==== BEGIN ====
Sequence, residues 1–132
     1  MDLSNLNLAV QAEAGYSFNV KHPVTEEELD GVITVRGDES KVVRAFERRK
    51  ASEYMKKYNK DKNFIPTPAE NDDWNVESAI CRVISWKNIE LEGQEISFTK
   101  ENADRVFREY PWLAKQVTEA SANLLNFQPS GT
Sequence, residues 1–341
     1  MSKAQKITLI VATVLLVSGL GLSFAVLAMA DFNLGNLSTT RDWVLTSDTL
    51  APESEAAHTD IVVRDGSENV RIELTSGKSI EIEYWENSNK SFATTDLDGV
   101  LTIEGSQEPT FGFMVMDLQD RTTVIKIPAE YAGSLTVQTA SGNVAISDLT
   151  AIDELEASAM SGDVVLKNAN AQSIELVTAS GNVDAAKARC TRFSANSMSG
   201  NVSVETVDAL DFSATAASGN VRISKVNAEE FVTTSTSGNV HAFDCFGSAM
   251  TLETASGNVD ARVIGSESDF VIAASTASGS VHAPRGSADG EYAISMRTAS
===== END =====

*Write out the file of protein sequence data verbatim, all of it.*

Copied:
Sequence, residues 1–132
     1  MDLSNLNLAV QAEAGYSFNV KHPVTEEELD GVITVRGDES KVVRAFERRK
    51  ASEYMKKYNK DKNFIPTPAE NDDWNVESAI CRVISWKNIE LEGQEISFTK
   101  ENADRVFREY PWLAKQVTEA SANLLNFQPS GT
Sequence, residues 1–341
     1  MSKAQKITLI VATVLLVSGL GLSFAVLAMA DFNLGNLSTT RDWVLTSDTL
    51  APESEAAHTD IVVRDGSENV RIELTSGKSI EIEYWENSNK SFATTDLDGV
   101  LTIEGSQEPT FGFMVMDLQD RTTVIKIPAE YAGSLTVQTA SGNVAISDLT
   151  AIDELEASAM SGDVVLKNAN AQSIELVTAS GNVDAAKARC TRFSANSMSG
   201  NVSVETVDAL DFSATAASGN VRISKVNAEE FVTTSTSGNV HAFDCFGSAM
   251  TLETASGNVD ARVIGSESDF VIAASTASGS VHAPRGSADG EYAISMRTAS